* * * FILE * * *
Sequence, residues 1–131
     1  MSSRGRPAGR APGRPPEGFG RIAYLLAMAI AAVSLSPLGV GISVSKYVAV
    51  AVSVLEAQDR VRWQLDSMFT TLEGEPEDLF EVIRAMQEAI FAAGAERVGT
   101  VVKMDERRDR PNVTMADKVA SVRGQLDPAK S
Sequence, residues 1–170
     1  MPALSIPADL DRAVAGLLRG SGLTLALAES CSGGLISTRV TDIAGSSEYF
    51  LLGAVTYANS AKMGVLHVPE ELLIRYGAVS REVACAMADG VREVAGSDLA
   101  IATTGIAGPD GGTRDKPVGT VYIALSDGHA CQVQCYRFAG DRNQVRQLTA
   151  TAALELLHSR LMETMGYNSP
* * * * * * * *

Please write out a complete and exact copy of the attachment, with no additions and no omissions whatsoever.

Sequence, residues 1–131
     1  MSSRGRPAGR APGRPPEGFG RIAYLLAMAI AAVSLSPLGV GISVSKYVAV
    51  AVSVLEAQDR VRWQLDSMFT TLEGEPEDLF EVIRAMQEAI FAAGAERVGT
   101  VVKMDERRDR PNVTMADKVA SVRGQLDPAK S
Sequence, residues 1–170
     1  MPALSIPADL DRAVAGLLRG SGLTLALAES CSGGLISTRV TDIAGSSEYF
    51  LLGAVTYANS AKMGVLHVPE ELLIRYGAVS REVACAMADG VREVAGSDLA
   101  IATTGIAGPD GGTRDKPVGT VYIALSDGHA CQVQCYRFAG DRNQVRQLTA
   151  TAALELLHSR LMETMGYNSP